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Deutsche Bank May Punish Staff for Personal Trade With Firm

  • Bank: ‘transaction may have involved unacceptable conflicts’
  • Auditors estimate staff gained about $37 million, person says

Deutsche Bank AG halted bonus payments to a group of employees while examining whether they improperly traded with the firm.

“We are reviewing a transaction that may have involved unacceptable conflicts of interest,” the Frankfurt-based company said in an e-mailed statement, without identifying past or present staff involved. “We will take disciplinary measures where appropriate and review further our controls to minimize the chance of a re-occurrence.”

Deutsche Bank is reviewing a 2009 deal that sought to profit from differences in prices of credit indexes and the underlying debts that compose them, according to a person with knowledge of the situation. Six employees participated with personal investments alongside a hedge fund, the person said, asking not to be identified because the review is confidential. Colin Fan, co-head of the investment banking and trading unit when he left the firm last year, may stand to reap $9 million on a roughly $1 million investment, another person said.

A spokesman for Fan said he had “fulfilled all appropriate compliance procedures, been entirely transparent at all times and denied any wrongdoing.” Fan didn’t return calls and a message left by Bloomberg on his mobile phone.

Deutsche Bank Chief Executive Officer John Cryan, who succeeded Anshu Jain in July, is seeking to restore confidence in the bank’s management and staff conduct after legal bills cost the lender more than $9 billion since the financial crisis. Unresolved probes and claims have compounded investor concerns that the lender will be forced to sell stock should further fines erode capital.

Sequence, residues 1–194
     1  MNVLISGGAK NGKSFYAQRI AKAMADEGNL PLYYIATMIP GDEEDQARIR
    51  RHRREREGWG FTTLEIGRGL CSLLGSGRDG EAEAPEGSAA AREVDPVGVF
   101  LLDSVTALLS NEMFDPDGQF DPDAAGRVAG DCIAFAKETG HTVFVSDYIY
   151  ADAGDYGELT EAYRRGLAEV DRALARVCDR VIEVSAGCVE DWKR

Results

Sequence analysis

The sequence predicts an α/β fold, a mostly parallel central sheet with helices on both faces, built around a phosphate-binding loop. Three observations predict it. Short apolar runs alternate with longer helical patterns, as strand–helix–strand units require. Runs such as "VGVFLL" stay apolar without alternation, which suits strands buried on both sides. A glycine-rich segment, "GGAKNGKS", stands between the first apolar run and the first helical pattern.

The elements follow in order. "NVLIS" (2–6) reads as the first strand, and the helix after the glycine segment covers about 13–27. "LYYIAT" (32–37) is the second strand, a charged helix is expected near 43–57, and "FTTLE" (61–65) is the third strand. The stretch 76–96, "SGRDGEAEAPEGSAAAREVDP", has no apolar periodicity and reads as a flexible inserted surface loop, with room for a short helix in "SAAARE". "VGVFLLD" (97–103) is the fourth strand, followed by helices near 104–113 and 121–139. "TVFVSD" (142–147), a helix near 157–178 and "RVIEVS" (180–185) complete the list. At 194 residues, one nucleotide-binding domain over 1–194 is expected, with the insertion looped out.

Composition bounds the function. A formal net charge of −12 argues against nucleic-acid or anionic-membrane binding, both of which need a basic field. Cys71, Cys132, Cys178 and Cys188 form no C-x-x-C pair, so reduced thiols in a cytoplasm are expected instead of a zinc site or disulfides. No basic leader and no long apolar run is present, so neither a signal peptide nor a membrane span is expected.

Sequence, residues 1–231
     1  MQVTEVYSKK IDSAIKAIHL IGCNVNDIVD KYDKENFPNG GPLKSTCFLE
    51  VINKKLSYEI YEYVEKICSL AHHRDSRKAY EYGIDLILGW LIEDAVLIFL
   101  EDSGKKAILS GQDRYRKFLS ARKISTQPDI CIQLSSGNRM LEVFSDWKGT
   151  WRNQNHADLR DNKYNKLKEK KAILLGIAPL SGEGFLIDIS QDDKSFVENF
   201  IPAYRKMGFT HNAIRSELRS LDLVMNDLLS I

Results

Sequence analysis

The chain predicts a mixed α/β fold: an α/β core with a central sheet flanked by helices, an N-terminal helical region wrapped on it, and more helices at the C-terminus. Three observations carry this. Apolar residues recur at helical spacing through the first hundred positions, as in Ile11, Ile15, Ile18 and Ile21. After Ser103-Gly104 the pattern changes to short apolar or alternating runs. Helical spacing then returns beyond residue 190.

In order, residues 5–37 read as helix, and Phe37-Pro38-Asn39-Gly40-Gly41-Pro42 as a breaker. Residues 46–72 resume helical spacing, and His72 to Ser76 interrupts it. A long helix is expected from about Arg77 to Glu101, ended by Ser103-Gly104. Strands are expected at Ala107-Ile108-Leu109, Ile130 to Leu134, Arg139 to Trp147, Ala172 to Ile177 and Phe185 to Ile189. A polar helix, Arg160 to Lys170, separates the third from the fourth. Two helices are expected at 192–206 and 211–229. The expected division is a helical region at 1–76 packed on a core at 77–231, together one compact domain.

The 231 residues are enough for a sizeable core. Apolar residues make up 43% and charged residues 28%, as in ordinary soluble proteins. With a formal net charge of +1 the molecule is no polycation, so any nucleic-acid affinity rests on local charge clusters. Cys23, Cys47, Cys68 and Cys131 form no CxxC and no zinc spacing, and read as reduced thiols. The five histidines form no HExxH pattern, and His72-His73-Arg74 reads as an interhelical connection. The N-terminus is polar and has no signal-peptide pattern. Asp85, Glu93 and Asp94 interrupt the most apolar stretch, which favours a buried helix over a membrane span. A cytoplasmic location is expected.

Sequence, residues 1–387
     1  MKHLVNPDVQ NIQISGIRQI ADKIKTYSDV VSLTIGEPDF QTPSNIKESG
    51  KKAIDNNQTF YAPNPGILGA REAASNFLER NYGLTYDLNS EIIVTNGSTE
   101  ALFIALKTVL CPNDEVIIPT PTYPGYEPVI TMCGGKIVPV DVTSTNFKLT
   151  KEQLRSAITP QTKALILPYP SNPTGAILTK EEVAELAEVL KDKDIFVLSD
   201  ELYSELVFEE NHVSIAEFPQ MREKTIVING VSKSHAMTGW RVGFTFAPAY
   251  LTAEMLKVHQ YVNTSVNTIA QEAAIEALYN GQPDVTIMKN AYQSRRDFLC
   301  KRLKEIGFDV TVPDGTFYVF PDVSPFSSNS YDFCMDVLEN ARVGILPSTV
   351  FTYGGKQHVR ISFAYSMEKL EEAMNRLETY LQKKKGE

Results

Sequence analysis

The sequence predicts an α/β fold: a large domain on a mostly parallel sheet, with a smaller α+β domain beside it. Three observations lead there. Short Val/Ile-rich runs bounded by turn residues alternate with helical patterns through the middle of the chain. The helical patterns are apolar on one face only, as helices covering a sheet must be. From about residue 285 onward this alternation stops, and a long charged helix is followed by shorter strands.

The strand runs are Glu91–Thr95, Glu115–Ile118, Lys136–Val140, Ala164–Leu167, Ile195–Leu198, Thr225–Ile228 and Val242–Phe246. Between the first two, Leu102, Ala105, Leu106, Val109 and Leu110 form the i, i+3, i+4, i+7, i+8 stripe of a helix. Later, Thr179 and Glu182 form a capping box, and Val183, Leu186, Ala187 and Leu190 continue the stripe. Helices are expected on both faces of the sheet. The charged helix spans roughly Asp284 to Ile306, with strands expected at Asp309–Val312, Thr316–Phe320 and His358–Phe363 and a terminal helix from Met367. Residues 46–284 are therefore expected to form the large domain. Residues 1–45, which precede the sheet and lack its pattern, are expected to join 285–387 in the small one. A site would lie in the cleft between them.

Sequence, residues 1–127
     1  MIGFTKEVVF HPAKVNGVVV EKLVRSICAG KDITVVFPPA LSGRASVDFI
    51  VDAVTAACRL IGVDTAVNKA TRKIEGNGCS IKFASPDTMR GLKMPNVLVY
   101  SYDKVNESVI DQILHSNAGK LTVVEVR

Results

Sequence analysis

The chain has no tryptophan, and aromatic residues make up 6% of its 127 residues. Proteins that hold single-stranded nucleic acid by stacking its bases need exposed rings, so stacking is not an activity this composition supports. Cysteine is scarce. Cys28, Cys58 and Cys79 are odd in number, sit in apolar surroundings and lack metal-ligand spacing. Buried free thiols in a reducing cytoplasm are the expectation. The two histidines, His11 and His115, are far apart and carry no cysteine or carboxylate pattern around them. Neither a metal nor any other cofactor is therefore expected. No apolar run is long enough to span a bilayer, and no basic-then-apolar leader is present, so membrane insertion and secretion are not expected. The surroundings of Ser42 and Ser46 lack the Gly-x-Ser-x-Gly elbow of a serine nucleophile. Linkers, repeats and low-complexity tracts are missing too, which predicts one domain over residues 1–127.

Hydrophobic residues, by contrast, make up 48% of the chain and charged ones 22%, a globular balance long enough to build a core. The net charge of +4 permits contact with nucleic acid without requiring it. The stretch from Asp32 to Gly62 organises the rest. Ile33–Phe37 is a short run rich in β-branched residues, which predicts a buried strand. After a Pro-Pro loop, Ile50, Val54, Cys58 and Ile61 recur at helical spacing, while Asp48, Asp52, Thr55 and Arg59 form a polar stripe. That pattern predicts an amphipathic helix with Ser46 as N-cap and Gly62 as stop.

‘Stop Misbehavior’

“For the last three or four years, on a regular basis, there’s been misbehavior at Deutsche Bank,” said Dieter Hein, an analyst at Fairesearch-Alphavalue. “Deutsche Bank obviously needs a cultural change to fulfill their focus, to stop misbehavior and all these litigation charges that have burdened the bank over the past few years.”

Internal auditors estimate the current and former employees made about $37 million on the transactions, with John Pipilis, the current co-head of credit , and Andre Muschallik, a senior salesman, also investing in the deal, one person said.

Muschallik didn’t answer a call to his mobile phone and didn’t immediately respond to an e-mail seeking comment, while Pipilis didn’t return a message left on his mobile phone.

Henry Ritchotte, operating chief of trading at the time, had granted permission for the transaction, contingent on the bank marketing the offering to clients and earning a fair share of profits, one person said. The Wall Street Journal on Thursday reported that people close to the matter disagreed over whether outside clients showed interest.

Ritchotte, who stepped down from the board last year and is setting up a digital bank for the lender, didn’t immediately respond to an e-mailed request for comment.

Auditors haven’t determined whether Deutsche Bank lost money once related transactions are considered, the Journal cited an unidentified person briefed on the matter as saying. But excluding such ancillary revenue, a preliminary assessment shows the deal may have cost the firm more than $60 million, the publication said.

To tap outside capital, the transaction featured a special-purpose vehicle that sold senior and junior notes, the person said. Senior notes went to an insurer, which received a fixed return for taking on credit risk. Junior notes went to a hedge fund and the Deutsche Bank workers, a person said. The junior group got a fixed return, as well as the opportunity to benefit from various fees and trading in price differences in the credit market, a person said.

The bank’s investigation also examines the original rationale and approval process for the transaction, as well as how the deal was supervised, the person said.

The bank has notified European and U.S. regulators, according to the Journal.

Bafin is aware of the audit and the European Central Bank, the chief supervisor for region’s banks, could also review the matter, according to a person familiar with the case.

“Based on our findings to date, we believe that no client was disadvantaged by this transaction,” Deutsche Bank said in a statement. “In accordance with our usual practice, we have suspended the payment of variable and deferred compensation to certain individuals pending the outcome of our ongoing review.”

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